In recent years, however, an entirely different type of attraction has been drawing tourists to Gonio.
Locals say their once peaceful village has turned into a prostitution hub that sees hundreds of foreign women, mostly from Central Asia and the North Caucasus, descend on Gonio in the summer months.
The sex workers appear to cater chiefly to Turkish men, who do not require visas to cross into Georgia. Gonio lies a mere 4 kilometers from the Turkish border.
Local residents complain the scantily clad women openly solicit for clients in the streets and flag down cars on the village’s main road, which runs between the Turkish border and Georgia’s main Black Sea resort of Batumi.
“Everyone in the Ajara region knows what problems we face here in Gonio,” one local says. “These Uzbek women roam around the village, they don’t care whether there are children nearby. Together with Turks, they have taken over Gonio, and possibly the whole of Batumi.”
The prostitutes are hard to ignore in tiny Gonio, home to just 3,000 inhabitants. Villagers say their presence deeply offends their feelings and disrupts their traditional lifestyle.
“The Turks are beginning to think that all women are like that,” says another resident, Mamuka Malakhmadze. “We are a very proud people, and if someone approaches our wives or even our female neighbors, they will be in trouble. Why do we have to deal with this in our village?”
Locals accuse the Georgian government of turning a blind eye to Gonio’s rampant prostitution.
They hold regular pickets against sex tourism, and some 450 people recently sent a letter of complaint to the local mayor, Ajara’s regional authorities, and the office of President Mikheil Saakashvili.
‘Too Little Being Done’
The authorities have taken some steps to tackle the problem.
Police conduct occasional raids, although they usually come back empty-handed. Residents say sex workers tend to clear the scene minutes before the raids, causing suspicion that police may have ties to prostitution circles.
A Georgian court recently sentenced a man to 15 years in jail for running a prostitution ring in the Ajara region.
And this week, a woman from Azerbaijan was fined the equivalent of $60 and deported from Georgia after admitting to working as a prostitute in Gonio.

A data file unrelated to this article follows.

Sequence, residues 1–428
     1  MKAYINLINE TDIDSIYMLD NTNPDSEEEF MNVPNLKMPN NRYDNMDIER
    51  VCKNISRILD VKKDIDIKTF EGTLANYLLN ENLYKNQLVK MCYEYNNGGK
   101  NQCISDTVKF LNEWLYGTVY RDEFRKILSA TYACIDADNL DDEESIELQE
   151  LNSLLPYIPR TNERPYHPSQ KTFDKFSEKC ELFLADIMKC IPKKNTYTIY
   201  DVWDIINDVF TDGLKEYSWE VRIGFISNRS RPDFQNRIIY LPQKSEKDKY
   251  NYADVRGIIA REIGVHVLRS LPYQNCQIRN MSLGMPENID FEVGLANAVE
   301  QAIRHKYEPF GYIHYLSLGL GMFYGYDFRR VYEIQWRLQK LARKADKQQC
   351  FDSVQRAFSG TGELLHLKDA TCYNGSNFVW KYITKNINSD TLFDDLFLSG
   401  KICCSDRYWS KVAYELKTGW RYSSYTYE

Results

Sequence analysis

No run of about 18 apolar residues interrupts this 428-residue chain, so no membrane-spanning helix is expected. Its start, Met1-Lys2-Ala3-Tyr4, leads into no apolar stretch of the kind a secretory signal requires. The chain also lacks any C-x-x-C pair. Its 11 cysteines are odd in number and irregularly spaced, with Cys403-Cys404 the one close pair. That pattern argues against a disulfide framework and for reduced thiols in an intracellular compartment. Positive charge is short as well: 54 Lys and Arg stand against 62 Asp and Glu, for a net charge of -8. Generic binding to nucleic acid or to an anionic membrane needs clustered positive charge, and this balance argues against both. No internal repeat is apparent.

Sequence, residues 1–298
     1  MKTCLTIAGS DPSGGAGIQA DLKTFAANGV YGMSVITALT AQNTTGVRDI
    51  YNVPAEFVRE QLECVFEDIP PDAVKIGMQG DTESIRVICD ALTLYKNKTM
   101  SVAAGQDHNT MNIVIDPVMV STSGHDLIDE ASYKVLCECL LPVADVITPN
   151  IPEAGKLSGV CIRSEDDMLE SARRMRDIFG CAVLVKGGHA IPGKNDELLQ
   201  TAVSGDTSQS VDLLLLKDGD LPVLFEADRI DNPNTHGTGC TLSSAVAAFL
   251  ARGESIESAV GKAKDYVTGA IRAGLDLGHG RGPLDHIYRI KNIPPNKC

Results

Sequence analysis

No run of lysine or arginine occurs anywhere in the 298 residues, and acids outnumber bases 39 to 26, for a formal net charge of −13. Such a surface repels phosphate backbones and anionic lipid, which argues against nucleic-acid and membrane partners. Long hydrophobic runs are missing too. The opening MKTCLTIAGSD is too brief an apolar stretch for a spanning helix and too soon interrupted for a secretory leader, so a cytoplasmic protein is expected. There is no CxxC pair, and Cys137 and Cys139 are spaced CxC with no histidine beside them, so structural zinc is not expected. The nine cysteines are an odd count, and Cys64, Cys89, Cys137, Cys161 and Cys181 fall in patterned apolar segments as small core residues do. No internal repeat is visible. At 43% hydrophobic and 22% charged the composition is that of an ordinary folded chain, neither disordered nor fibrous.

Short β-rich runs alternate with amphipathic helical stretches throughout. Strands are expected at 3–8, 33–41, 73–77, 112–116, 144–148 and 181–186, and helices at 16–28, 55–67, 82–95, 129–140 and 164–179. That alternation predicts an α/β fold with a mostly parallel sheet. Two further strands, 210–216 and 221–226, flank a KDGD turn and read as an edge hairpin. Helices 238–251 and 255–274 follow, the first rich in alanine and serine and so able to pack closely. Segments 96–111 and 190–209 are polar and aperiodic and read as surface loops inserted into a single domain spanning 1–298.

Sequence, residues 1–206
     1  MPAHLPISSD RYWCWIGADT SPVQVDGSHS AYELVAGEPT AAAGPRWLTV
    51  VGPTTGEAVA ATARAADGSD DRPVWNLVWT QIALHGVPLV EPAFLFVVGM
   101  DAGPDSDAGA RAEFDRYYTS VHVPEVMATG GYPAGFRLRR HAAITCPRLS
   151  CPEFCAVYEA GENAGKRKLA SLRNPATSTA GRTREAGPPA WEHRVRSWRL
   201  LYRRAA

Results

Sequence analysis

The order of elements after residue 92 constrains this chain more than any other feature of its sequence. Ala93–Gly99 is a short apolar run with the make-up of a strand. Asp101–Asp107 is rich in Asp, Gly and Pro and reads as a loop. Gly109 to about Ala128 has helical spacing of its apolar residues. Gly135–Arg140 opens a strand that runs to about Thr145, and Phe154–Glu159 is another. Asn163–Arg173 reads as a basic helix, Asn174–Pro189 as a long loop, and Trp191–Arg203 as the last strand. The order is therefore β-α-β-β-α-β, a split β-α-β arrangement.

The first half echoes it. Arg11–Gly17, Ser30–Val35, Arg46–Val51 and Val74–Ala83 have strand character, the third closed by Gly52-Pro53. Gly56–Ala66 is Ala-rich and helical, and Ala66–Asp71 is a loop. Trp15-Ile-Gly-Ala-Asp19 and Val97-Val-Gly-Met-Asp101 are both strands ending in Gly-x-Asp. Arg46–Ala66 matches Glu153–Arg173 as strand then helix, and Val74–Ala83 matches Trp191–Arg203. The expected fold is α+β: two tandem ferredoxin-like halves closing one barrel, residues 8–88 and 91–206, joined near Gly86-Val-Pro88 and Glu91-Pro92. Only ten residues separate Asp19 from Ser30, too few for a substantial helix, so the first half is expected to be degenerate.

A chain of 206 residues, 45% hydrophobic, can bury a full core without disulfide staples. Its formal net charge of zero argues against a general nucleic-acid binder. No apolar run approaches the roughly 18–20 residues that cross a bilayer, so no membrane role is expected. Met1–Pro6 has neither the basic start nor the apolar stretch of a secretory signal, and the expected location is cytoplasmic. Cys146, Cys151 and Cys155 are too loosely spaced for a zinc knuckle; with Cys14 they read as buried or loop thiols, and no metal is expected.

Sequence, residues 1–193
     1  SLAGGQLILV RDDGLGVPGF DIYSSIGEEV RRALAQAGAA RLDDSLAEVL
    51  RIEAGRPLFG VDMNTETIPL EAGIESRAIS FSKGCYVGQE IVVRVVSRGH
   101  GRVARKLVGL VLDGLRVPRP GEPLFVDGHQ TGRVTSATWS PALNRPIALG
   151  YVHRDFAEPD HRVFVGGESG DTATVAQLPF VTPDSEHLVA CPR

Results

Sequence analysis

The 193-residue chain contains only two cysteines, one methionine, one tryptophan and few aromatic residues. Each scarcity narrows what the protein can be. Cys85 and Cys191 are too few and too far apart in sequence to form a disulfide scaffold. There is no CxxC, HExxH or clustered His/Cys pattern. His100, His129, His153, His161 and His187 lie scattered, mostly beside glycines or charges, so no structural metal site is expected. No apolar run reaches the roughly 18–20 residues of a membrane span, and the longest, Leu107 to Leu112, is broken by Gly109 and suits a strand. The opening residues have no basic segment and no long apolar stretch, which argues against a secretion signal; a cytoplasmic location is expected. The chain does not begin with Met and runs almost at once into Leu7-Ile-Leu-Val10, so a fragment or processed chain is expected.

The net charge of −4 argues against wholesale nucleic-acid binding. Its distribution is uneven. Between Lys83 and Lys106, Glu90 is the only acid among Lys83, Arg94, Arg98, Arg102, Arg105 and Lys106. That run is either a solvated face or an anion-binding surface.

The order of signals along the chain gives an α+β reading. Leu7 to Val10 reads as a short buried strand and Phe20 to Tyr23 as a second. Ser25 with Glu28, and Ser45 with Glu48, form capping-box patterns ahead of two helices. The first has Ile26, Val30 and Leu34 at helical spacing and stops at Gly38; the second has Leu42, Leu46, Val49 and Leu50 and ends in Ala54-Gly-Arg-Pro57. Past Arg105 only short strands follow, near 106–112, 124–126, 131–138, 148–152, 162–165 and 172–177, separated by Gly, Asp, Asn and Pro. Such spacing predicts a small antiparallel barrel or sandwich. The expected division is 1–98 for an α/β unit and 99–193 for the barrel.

The measures, however, have had no visible impact on the overall situation in Gonio.
One of the petition’s signatories, David Kokoladze, says the sex tourists are becoming increasingly brazen
“When we complain to them, they have grown so insolent that they respond aggressively, they tell us to mind our own business,” Kokoladze says. “Armenians, too, are now among the clients. The women are mainly from Uzbekistan, Daghestan, and Chechnya. What takes place here is completely obvious because our main road is used by everyone, from government officials to peasants.”
Most worryingly, a number of these women have likely been forced into prostitution.
The man recently convicted over prostitution in Ajara was found guilty of luring an Uzbek woman to Georgia on promises of employment at a local tea factory. Judges said the man then physically tortured her into working as a prostitute.
The plight of Gonio’s sex workers was brought to light again last month when a Kyrgyz prostitute committed suicide in the village.
Georgia has stepped up efforts to combat human trafficking on its territory in recent years, investigating trafficking cases, opening shelters for victims, and conducting training and prevention activities.
The U.S. State Department’s 2012 report on human trafficking, released on June 19, placed Georgia in “Tier 1,” alongside countries that fully comply with the minimum standards for the elimination of trafficking.
Some human rights campaigners, however, say the unbridled prostitution in Gonio casts severe doubts on Georgia’s commitment to combating sexual exploitation and trafficking.
“If Georgia is in the [State Department's] first tier, it’s largely a political decision because we certainly don’t deserve it,” says Nana Nazarova, who runs the Georgian civic group People’s Harmonious Development Association. Our laws are the best, and we have shelters and funds for these shelters. But what we are witnessing in Ajara is outrageous.”
While praising Tbilisi for its efforts in tackling human trafficking, the State Department also noted that “women from Uzbekistan and possibly other countries are found in forced prostitution in the commercial sex industry in Georgia.”
Its report cautioned that Georgia, from previously being mainly “a source and transit country,” was increasingly turning into a destination country for trafficked people.